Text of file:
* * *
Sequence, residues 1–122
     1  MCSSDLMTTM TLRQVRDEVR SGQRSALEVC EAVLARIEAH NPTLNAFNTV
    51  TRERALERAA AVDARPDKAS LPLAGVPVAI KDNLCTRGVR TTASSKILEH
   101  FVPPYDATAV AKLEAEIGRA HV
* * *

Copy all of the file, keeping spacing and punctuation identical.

Sequence, residues 1–122
     1  MCSSDLMTTM TLRQVRDEVR SGQRSALEVC EAVLARIEAH NPTLNAFNTV
    51  TRERALERAA AVDARPDKAS LPLAGVPVAI KDNLCTRGVR TTASSKILEH
   101  FVPPYDATAV AKLEAEIGRA HV